Mar 09, 2020 | Karina Ramos Azucena
When I was about 14 years old I began to pray for my future husband and to dream of what he would be like. I hoped the ‘one’ would come easily and just like I imagined. Yet, I ended up experiencing loss and heartbreak on the journey.
My idealism turned into realism pretty quickly.
Girl meets boy
I had my first real romantic relationship last year. I met him when I was 18, during a season when God was helping me grow in my own issues with self esteem and confidence. Through reading the Bible and the community around me, God had brought me to a place emotionally and mentally where I knew that my identity was in Jesus. I didn’t anticipate meeting a guy and starting to date, but we did.
We attended the same church and I remember having my first conversation with him for about two hours after one service. I felt so connected, like we could go on forever and talk about everything and anything. I became good friends with his sister and they would invite me all the time to hang out with them. He and I became good friends.
One day after watching a movie we started to open up more about our personal lives and things that we haven’t shared with anyone else. We went deep. Fast.
After that, romantic feelings developed easily in my heart and mind. Eventually our friendship started to progress where we both felt like we were ready to become more than just friends. We started to talk about pursuing a romantic relationship.
A season of discernment
Throughout this time, I was always praying to God for guidance. We spent about 1-2 years praying about whether we should date. I know, it was a long time.
I prayed to God to give me discernment to make the right decision, and if this person was right for me, then to make it clear. I thought this was “the guy”—the one I was supposed to be with forever. He even met all of the “requirements” I had on my list of an ideal husband. However, I learned that often what I desire in a person doesn’t match what I actually need. God knows more than we do, what kind of person is best for us.
I decided to say yes to begin dating because he had every quality I prayed for and I had peace with my decision. But as time went on, I started to have doubts. I took my doubts to God and thought maybe it was fear creeping in making me believe that I wasn’t good enough for this person. Would I fit into his family? Is this what God really wanted for me? With these questions I asked for counsel from my pastor and a friend whom I trusted to help make things clearer.
A few weeks went by and the doubts did not seem to shake off. After talking to my pastor and praying afterwards I immediately had the conviction that I had to let go of this relationship. I needed to surrender all of my dreams, desires, and expectations of dating and relationships to God. This didn’t devalue the person I was dating, or villainize them. It just simply wasn’t the right person for me at that time.
This was such an inner battle because I had waited a long time during our friendship to take it to the next level…just to end it now? I didn’t quite understand fully why God was inviting me to obey by moving in another direction. But I trusted God and knew that he knew best and all I wanted for my life was to do his will above my own.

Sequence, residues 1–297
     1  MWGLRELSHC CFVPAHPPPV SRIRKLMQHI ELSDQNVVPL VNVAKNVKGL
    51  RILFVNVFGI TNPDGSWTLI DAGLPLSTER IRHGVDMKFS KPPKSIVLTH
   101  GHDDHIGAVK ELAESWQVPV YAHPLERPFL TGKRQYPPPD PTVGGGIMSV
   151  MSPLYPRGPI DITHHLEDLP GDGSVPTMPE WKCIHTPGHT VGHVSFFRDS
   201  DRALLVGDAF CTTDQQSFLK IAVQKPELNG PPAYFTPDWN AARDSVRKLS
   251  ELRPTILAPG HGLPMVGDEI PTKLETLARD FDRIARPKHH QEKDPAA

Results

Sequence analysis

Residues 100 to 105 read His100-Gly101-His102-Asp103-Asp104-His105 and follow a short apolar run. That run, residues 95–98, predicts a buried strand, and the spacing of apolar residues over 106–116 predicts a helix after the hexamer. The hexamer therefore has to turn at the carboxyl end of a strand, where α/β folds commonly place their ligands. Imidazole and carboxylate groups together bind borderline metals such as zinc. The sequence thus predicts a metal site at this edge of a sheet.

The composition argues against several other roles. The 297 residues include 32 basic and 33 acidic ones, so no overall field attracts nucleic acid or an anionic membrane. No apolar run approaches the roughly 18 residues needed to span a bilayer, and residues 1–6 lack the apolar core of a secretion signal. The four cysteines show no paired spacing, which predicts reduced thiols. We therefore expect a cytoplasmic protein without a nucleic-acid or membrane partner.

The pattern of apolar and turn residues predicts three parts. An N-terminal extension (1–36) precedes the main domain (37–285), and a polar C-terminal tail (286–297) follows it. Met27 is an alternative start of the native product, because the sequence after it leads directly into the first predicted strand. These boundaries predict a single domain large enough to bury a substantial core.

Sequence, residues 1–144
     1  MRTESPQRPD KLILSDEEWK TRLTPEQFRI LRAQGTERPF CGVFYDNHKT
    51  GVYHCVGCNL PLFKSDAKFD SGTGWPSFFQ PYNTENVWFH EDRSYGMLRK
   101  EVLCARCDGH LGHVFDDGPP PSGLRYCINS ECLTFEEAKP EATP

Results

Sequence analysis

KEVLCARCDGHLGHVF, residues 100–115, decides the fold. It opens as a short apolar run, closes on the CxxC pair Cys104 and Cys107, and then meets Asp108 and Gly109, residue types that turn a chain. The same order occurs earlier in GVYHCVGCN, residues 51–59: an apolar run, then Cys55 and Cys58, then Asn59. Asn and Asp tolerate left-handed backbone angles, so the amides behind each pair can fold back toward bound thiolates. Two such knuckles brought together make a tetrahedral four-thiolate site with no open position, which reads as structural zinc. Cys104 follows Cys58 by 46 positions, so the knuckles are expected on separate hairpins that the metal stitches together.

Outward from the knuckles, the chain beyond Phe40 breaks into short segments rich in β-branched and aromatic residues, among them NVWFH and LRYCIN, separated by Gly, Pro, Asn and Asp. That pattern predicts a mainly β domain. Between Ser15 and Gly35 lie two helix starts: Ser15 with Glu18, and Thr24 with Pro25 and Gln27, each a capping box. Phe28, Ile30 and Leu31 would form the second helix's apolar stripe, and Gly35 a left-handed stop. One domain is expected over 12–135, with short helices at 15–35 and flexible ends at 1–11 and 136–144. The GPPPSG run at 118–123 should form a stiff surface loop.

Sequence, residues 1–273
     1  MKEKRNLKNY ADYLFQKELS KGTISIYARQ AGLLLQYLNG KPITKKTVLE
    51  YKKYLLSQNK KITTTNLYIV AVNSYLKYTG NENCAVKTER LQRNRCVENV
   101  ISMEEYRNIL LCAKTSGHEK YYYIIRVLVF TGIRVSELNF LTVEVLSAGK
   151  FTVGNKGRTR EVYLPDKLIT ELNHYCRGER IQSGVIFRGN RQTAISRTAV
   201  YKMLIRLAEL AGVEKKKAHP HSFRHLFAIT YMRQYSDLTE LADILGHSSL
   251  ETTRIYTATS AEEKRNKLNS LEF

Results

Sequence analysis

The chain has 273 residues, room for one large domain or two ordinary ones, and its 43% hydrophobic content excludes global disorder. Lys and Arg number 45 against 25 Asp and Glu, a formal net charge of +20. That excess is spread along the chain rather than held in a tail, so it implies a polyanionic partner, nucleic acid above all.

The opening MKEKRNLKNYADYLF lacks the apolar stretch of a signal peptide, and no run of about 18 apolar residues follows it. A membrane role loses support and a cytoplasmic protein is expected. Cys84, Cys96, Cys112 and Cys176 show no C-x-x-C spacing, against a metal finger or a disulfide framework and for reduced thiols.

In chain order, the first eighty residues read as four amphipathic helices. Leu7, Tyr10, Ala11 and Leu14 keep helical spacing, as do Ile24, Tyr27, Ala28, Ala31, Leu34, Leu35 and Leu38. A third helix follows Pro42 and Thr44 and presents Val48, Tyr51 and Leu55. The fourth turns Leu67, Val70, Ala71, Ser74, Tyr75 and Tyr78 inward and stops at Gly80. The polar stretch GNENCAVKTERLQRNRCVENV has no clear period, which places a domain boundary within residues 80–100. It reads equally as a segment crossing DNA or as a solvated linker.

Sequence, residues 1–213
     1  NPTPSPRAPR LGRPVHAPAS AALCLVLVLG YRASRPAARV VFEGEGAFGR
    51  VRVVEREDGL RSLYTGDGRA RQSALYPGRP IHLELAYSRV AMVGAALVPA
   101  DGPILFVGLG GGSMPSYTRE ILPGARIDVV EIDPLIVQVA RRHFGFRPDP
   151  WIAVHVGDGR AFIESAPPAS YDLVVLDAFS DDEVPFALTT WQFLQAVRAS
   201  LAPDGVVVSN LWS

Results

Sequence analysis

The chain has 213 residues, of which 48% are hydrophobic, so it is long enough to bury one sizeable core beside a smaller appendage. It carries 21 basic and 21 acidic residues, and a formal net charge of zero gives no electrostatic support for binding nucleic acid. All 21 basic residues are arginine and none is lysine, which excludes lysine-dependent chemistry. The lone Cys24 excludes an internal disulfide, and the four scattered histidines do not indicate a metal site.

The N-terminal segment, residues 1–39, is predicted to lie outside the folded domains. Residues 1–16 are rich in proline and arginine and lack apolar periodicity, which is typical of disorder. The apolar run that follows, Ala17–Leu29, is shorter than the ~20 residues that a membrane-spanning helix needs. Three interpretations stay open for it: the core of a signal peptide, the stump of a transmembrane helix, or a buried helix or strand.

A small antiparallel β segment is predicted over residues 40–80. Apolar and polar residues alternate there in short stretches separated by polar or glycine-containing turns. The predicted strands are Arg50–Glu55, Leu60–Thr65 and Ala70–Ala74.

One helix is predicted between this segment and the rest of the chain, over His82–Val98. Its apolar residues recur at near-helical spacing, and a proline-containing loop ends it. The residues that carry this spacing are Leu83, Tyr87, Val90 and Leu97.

Taking my brokenness to God
I felt broken after the breakup. In that place, God’s role as a father became more real to me than ever. It even took me several months to fully process the breakup because I was so occupied with school, work, family, and church. Every time questions of “why did I let it go?” or “God, is there really someone better for me out there?” and “What do I do now?” came up, I felt consumed. I responded to the uncertainty of life by turning to truth in Scripture.
I found 1 Peter 5:7 really helpful: Cast all your cares on the Lord, because he cares for you.
If I really trusted God as my father I had to lay out all my fears, questions, and hard thoughts on him because he was the one who had my best interest at heart. I was reminded that my relationship with God had to be first as he comforted me during this heartache. If God is a loving father and created my heart how can I not trust that he knows how to take care of it? Through prayer, reading the Bible, and pressing into healthy friendships I could see God starting to heal my broken heart.
I also needed to learn how to rest in God.
Rest wasn’t escapism, like avoiding people and laying on my couch crying all day. Instead I focused on an “active rest” by picking myself up to do what he has called me to do at the present time.
I needed to both address my emotion, and also not allow it to overwhelm me. When we don’t hold that tension well, it’s easy to miss what God is doing all around us with family, friends, school, work, and most importantly within ourselves.
The good news of the gospel emphasizes that God is always working within us to help us become more like Jesus (Philippians 1:6). As we grow to become more like Christ, we slowly learn how to place more of our faith and trust in God instead of ourselves. God is active to provide, bless, protect, and empower us along the way.
As I walk in this journey the pain doesn’t disappear quickly. It can take a long time for a broken heart to heal. But choosing to grow with God and as a person has been a wise and fruitful investment.
While we wait for the next steps of what God has in store for us, let us wait patiently as he keeps transforming us.